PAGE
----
The Tuscarora district is 45 miles northwest of Elko, near the headwaters of the South Fork of the Owyhee River.
Gold was discovered in the area in 1867 in stream gravels (Browne, 1868, p. 429-430), and outcrops of auriferous vein material were found soon afterward. During the following 9 years placers were mined, but there was no intense activity until 1876 when high-grade ore was found in the Grand Prize mine (Nolan, 1936a, p. 7-9). The usual boom period followed, accompanied by mismanagement, waste, litigations, and profiteering, so typical of the histories of mining camps throughout the West.
By 1886 the bonanza ores were exhausted, but new discoveries to the north and west created another boom, though of lesser proportions. A third revival was created by the mining of low-grade gold ores from the Dexter mine (Nolan, 1936a, p. 9), and most of the production of the district from 1895 to 1912 was from this mine. In recent years the district declined steadily with no production reported from 1955 through 1959.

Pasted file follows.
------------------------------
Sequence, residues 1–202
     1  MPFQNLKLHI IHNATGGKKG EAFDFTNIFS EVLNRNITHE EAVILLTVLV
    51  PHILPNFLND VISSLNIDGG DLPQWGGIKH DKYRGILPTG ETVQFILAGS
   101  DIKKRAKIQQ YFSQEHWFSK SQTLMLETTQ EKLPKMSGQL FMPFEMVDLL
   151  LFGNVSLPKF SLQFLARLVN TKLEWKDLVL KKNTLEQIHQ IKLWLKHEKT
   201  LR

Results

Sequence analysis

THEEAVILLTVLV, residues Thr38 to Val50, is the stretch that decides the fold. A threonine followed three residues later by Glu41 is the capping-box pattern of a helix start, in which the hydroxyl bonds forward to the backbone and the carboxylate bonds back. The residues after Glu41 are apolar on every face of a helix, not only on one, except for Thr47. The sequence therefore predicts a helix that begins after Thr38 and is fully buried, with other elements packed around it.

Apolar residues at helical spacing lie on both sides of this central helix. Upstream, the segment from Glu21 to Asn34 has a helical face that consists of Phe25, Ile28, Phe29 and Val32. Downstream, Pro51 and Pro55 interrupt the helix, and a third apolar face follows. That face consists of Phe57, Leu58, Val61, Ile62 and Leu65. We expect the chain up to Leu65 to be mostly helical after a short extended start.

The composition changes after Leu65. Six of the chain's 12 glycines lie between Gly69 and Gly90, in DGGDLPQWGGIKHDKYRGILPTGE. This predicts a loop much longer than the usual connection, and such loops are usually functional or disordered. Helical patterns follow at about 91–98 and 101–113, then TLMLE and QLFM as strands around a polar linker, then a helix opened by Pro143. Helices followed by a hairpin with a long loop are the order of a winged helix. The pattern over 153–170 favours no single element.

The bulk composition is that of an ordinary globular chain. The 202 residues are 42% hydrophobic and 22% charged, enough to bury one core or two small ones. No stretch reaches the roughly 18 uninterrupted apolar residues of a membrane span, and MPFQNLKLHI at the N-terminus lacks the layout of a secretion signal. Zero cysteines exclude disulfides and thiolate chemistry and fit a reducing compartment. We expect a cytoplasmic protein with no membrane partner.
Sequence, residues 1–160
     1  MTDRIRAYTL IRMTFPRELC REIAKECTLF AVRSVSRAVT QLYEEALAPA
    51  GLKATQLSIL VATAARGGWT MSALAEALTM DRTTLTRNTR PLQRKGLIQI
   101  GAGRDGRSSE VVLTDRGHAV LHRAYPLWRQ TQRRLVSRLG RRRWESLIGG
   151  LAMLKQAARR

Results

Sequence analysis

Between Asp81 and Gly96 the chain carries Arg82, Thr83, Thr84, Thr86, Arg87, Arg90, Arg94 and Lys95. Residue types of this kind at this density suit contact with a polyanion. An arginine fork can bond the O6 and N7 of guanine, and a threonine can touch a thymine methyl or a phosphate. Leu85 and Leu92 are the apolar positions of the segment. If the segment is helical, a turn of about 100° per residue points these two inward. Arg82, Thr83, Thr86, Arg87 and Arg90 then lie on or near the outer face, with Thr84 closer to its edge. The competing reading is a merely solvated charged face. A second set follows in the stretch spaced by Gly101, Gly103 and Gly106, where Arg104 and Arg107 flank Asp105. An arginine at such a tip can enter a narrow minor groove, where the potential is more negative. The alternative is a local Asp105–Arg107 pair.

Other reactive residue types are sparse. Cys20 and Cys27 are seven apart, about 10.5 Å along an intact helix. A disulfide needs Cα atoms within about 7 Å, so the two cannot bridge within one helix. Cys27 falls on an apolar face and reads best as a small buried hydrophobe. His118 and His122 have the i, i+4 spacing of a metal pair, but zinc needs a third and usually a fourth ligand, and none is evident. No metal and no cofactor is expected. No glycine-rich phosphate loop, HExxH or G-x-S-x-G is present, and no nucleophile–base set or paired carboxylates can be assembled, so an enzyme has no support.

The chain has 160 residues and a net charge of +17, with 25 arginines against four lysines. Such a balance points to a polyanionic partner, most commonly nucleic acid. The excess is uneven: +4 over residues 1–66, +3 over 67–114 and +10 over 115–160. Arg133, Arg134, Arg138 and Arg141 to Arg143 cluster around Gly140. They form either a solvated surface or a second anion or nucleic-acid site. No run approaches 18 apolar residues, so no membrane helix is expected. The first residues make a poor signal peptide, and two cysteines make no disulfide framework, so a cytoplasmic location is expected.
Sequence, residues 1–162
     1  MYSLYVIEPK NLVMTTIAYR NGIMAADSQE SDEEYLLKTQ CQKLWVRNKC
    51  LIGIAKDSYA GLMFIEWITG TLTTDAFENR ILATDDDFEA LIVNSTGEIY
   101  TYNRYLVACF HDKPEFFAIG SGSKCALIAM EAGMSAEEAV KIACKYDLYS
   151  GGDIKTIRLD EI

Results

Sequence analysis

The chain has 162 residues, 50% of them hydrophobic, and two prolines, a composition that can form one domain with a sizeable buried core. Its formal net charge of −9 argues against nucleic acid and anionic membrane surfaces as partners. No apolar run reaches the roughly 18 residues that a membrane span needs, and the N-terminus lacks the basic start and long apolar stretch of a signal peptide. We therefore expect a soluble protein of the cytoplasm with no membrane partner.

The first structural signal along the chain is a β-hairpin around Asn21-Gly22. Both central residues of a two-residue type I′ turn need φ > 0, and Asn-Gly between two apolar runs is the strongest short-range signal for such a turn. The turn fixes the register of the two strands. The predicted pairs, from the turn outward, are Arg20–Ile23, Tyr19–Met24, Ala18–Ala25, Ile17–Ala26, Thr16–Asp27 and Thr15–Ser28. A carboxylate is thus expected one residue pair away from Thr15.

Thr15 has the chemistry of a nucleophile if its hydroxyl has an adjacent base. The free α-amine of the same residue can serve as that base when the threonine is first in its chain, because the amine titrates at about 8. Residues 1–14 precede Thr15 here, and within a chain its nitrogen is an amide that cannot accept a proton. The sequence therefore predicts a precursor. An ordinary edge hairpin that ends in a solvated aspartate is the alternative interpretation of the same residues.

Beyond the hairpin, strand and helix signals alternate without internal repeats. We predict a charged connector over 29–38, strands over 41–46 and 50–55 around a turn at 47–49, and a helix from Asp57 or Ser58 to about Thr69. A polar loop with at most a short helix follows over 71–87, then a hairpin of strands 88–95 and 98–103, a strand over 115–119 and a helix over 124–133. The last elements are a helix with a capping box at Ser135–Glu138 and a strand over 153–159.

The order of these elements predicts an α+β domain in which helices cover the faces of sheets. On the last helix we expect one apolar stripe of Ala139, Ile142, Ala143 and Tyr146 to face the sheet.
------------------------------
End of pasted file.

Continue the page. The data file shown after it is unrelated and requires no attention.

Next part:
Nolan (1936a, p. 10-14) in reviewing the production history of the district noted that estimates of production before 1902 varied widely, but that a reasonable compromise would be about $10 million in gold and silver. From 1902 through 1959, a total of 15,662 ounces of gold was mined, most of it from lodes. The placer gold production of the district, most of it mined in the early days, amounted to about $700,000 (Nolan, 1936a, p. 14). Total gold production of the district through 1959 probably was at least 100,000 ounces.
The bedrock of the area consists of bedded volcanic breccias and tuffs about 5,000 feet thick and dark-green andesite porphyry that is intrusive into the pyroclastics (Nolan, 1936a, p. 14-35). The bedded rocks have been tilted to the east and southeast. The rocks are also faulted, but the nature and extent of faulting are not clear.
There are three types of deposits: (1) silver lodes rich in native silver and silver halides, argentite, stephanite, proustite, pyrargyrite, pyrite, enargite, arsenopyrite, bornite, chalcopyrite, sphalerite, and galena with quartz and calcite gangue, in the andesite masses; (2) gold deposits consisting of quartz and adularia fissure fillings and zones of quartz stringers in the bedded pyroclastics; and (3) gold placers.